If you have a factory option package that added an auxiliary or additional battery, you’ll have an extra battery under the hood, or maybe under the passenger seat. This second battery should be of exactly the same type as your starter battery (the one under the driver’s feet).
The aux battery works by connecting to the alternator and the starter/engine battery whenever the engine is running, and then disconnecting whenever the engine is off. This way, you can power some electrical devices without running down your starter battery. You’ll always be able to start the van and drive.
It does this by using a relay under the driver’s seat. It’s the big black box to the right of the picture with the two copper bars going in to it.
The red cable at the front is from the starter battery. The other cable goes to the aux battery.
You do NOT want to connect any additional electrical devices to the bolts on this relay. There’s a special hook-in point for the auxiliary battery. It’s also under the driver’s seat. On the more recent models it’s at the back of the driver’s seat base.
You can attach an additional cable to the connectors inside this box. The cover of the box unclips for easy access. Just squeeze the tabs in the middle.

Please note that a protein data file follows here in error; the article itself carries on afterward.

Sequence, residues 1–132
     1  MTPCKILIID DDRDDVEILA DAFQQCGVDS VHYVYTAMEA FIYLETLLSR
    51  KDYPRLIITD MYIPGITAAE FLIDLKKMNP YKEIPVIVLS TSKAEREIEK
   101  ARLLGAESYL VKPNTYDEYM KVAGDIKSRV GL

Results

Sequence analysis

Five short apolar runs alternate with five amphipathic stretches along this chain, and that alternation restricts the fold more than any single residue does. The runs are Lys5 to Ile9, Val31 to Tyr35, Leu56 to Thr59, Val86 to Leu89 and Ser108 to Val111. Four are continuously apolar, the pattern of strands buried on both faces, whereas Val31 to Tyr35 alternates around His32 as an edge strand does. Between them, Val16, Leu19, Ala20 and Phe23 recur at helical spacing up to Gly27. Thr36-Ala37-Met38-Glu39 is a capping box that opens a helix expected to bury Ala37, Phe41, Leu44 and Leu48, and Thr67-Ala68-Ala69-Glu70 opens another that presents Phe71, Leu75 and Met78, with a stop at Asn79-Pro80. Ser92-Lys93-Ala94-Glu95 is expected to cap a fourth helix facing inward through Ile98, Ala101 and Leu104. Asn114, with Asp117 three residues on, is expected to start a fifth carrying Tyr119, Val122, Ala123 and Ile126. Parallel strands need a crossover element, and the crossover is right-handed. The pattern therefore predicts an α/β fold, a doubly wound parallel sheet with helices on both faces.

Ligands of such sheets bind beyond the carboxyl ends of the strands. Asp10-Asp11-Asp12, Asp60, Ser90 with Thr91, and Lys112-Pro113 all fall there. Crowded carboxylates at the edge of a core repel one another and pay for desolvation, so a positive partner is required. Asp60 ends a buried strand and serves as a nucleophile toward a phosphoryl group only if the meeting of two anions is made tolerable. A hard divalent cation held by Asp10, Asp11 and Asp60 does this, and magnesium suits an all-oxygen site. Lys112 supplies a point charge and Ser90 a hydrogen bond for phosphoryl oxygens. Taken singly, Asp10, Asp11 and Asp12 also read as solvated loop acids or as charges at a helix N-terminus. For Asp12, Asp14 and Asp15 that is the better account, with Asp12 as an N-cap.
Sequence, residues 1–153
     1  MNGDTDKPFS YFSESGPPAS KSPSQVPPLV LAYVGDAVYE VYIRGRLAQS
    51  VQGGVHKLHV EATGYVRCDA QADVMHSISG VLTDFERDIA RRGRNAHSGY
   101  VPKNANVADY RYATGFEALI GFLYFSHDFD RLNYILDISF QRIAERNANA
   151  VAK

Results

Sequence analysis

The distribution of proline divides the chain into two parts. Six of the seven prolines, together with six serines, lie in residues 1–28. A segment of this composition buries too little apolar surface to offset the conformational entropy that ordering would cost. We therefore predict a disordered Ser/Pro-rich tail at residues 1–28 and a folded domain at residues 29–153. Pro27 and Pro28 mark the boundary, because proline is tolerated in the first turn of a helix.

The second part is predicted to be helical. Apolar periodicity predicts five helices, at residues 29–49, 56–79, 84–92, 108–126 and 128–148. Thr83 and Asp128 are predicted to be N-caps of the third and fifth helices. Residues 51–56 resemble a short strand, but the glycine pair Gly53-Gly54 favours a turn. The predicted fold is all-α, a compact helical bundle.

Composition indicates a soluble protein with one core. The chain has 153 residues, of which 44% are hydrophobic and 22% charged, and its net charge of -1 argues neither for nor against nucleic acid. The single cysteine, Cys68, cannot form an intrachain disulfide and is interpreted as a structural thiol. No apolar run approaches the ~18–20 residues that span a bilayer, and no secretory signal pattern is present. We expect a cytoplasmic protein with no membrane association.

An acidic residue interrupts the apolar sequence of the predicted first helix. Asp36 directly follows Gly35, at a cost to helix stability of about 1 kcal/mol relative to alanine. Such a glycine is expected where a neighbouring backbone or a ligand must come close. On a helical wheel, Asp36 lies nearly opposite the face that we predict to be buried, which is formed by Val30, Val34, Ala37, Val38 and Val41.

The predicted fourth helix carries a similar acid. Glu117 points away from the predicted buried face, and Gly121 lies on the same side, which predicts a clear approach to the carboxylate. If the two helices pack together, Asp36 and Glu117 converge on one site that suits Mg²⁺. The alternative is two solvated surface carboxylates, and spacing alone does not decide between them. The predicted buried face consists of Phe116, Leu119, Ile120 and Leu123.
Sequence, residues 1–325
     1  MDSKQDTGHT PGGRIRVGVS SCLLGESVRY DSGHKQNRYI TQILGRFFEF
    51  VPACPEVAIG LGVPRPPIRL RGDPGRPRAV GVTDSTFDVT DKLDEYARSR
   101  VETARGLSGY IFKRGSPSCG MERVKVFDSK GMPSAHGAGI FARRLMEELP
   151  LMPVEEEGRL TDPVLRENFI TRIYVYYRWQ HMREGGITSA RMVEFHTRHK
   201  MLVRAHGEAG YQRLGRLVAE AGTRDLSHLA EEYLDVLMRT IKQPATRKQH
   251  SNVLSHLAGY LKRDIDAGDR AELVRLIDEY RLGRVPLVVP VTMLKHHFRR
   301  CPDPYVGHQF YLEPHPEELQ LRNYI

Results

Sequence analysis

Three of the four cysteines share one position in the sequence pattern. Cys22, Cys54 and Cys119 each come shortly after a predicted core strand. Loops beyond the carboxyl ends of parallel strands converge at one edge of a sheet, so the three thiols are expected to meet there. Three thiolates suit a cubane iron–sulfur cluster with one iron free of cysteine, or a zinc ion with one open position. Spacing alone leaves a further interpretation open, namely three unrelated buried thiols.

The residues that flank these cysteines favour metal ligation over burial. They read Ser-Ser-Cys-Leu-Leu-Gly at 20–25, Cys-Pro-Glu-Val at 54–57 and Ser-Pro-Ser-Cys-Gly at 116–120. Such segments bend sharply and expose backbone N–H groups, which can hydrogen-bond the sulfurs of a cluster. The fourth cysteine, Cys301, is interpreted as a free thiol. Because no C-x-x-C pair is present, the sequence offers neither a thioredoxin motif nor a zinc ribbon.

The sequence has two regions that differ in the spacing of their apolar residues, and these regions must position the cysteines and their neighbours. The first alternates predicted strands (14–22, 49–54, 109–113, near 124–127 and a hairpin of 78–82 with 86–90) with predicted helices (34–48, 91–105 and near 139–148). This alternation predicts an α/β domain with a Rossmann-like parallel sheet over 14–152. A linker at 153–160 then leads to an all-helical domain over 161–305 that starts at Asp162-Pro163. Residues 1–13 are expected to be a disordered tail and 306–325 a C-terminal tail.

The red cable comes from the isolator relay. The black cable goes to the aux battery in the engine compartment.
We chose to use a secondary fuse panel for all the electrical items we wanted to attach to the aux battery. The Blue Sea Systems ST Blade fuse block with a negative bus gave us everything we needed. It has a cover so the terminals aren’t exposed, and it uses the same style fuses as the rest of the van. Our aftermarket electric seat heaters are attached here, and we’ll probably attach a subwoofer to the fuse block later too.
Having the negative cable on the same fuse block makes it much easier to terminate wires here. There are a couple of points to connect the negative cable to inside the driver’s seat base. Just find the clusters of brown wires where they’re bolted to the metal of the van. You can just see one of those clusters in the picture above (bottom left of the picture).
We ran the wires for this fuse box to the outside of the driver’s seat base. We attached the fuse box to the back of the driver’s seat base where it’s tucked away but still easy enough to access if we have to change a fuse.
Note that the supply cables for our fuse panel are pretty beefy. We had some 2AWG cable left over from our full electrical install so we used it. It might have been overkill, but you could have some pretty serious power running through the cables if you hook up all the fuse positions .
Blue Sea also make 12-circuit versions of this fuse block if you think you’ll be running more devices from the aux battery. Be careful though. It’s only a 95 Amp-hour battery, so you can run it flat quite quickly if you attach a lot of electrical consumers to it.
If you want additional information about how the aux battery works, take a look at the Retrofit guidelines for auxiliary battery in NCV3 Mercedes Sprinter. It shows the location and function of each of the components.